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Clitoral leiomyoma in a premenopausal woman: a case report

  • The Correction to this article has been published in BMC Women's Health 2020 20:110



Extrauterine leiomyomata is an uncommon lesion that can lead to several problems of differential diagnosis, especially when localized in the external genitalia. There are few reports in the English literature and a novel association with Alport’s syndrome has been investigated since the 1980s.

Case presentation

Here, we describe the case of a premenopausal woman who presented with an indolent swelling of the right interlabial fossa that resulted in a Bartholin cyst. In addition to this cyst, a benign leiomyoma of the right side of the clitoris was also found and removed. Our patient refused any further examination, although she was informed that genetic counselling could be organized to rule out an association with Alport’s syndrome.


Extrauterine leiomyomata localized in the external genitalia is an uncommon lesion arising from smooth muscle cells around vascular epithelium or erectile tissue. Since an association between extrauterine leiomyomata and Alport’s syndrome has been described, genetic testing can be proposed to these patients. Upper intestinal tract symptoms such as dysphagia should prompt a gastroenterological evaluation as an association with an esophageal leiomyomatosis has been described.

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Extrauterine leiomyomata localized in the external genitalia is an uncommon lesion arising from smooth muscle cells around vascular epithelium or erectile tissue [1]. The most common extrauterine sites of the disease are the upper digestive tract or the lower respiratory tract, but if the female genital tract is involved, the most frequent localization is the clitoris [2]. While therapeutic management is clear, with surgical excision as the treatment of choice, little is known about the appropriate long-term management, particularly regarding association with other diseases like Alport’s Syndrome. Here, we present the case of a 39-year-old woman with a chronic indolent swelling of the right labial fossa who was referred for cystectomy.

Case presentation

A 39-year-old, Caucasian 1G0P0A0T woman at 5 Gestational Weeks (GW) consulted with a chief complaint of a non-desired pregnancy. She also complained about an indolent swelling of the right interlabial fossa measuring 7 × 3 × 3 cm. The mass has not significantly changed in 9 years. Her medical history was unremarkable. Her sexual history revealed no dyspareunia and physiological sexual response. On physical examination, we observed a soft, painless bi-lobated fluid-filled swelling of the right interlabial fossa slightly diverting the clitoris on the opposite side (Fig. 1). Speculum, digital and general examination were normal.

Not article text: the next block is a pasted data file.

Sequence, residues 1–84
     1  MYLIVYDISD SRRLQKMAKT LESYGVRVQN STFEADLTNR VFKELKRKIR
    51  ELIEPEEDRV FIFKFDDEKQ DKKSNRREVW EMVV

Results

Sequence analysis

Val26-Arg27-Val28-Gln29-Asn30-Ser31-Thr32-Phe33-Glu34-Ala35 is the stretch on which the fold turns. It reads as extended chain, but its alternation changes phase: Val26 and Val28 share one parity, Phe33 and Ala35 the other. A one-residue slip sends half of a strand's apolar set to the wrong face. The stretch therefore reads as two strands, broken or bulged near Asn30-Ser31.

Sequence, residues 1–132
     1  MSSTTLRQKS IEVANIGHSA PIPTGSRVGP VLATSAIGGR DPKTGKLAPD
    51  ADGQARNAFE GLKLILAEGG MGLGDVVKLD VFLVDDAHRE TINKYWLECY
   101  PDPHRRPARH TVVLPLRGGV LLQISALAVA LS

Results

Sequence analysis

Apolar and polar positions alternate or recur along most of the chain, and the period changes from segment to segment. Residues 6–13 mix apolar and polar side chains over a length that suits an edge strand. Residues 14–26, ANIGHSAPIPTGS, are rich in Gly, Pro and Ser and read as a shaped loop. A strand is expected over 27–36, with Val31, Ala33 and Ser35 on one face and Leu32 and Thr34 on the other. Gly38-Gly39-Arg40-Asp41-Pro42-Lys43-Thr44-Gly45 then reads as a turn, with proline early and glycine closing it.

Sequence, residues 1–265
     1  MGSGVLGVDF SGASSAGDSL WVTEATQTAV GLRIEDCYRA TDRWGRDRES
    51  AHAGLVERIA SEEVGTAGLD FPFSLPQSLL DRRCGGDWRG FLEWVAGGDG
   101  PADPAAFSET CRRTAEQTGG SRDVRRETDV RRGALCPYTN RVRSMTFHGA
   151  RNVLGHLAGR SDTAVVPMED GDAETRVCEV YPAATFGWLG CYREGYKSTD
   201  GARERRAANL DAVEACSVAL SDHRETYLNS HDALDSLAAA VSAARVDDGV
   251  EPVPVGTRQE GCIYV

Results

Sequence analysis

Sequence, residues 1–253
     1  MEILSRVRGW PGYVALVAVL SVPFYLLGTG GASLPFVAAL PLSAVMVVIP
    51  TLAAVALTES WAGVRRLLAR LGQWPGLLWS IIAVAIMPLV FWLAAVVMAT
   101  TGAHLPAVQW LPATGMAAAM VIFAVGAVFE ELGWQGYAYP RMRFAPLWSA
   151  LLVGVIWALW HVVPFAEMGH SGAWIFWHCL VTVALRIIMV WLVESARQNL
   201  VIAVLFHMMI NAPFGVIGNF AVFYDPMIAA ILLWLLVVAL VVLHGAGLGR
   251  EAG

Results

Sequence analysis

Fig. 1

Physical examination, soft bi-lobated fluid-filled swelling of the right interlabial fossa slightly diverting the clitoris on the opposite side. The pathologic examination showed a Bartholin’s gland cyst, which was surprising considering the anatomical localization of this lesion

A transvaginal ultrasound was performed for pregnancy datation and localization, which confirmed an intrauterine pregnancy of 5 + 3/7 GW. According to the patient’s request, surgical excision of the cyst combined with dilation and curettage was performed. Dilation and curettage were uneventful. During the enucleation of the cyst, we saw a clear mucinous fluid dripping off because the cyst wall was very thin. We applied a Foley catheter swollen with 5 cc of NaCl to maintain a proper cleavage plan of the lesion. Cystectomy was uneventful. The specimen was sent for pathological analysis which identified an 8 × 2 × 1.5-cm cyst of the Bartholin’s gland. Surprisingly, after the excision of the first cyst, we noticed a second smaller mass of 1.5 cm adherent to the right side of the body of the clitoris. The mass had an adipose aspect at sight and consistence at palpation (Fig. 2). We proceeded to the ablation of the second cyst (Fig. 3), respecting the clitoris’ neurovascular bundle. Pathological analysis revealed a 2 × 1.5 × 1.5-cm benign leiomyoma arising from the right side of the clitoris (Fig. 4). The immediate postoperative period was uneventful and the patient was discharged on day 1. Our patient presented with a defect of the cystectomy scar that required surgical correction 6 months after the first surgery, with full recovery (Fig. 5). Considering the genetic implications of an extrauterine leiomyoma, we offered our patient a genetic consultation, which she declined.

Fig. 2

Macroscopic view of the clitoridal mass. (1 square is 1 cm)

Fig. 3

Intra-operative image of the leiomyoma arising from the right side of clitoris after excision of the first Bartholin’s gland cyst

Fig. 4

Microscopic aspect of the clitoridal mass showing intersecting fascicles of spindled cells intermixed with collagen (HE, 200x)

Fig. 5

Intra-operative image of the vulvar defect at 6 months after the first surgery. After first surgery, the patient complained of superficial dyspareunia. At clinical examination, a 7 mm skin defect was discovered. Initially conservative management was undertaken with unsatisfying evolution. A surgical correction was proposed and accepted by the patient

Discussion and conclusions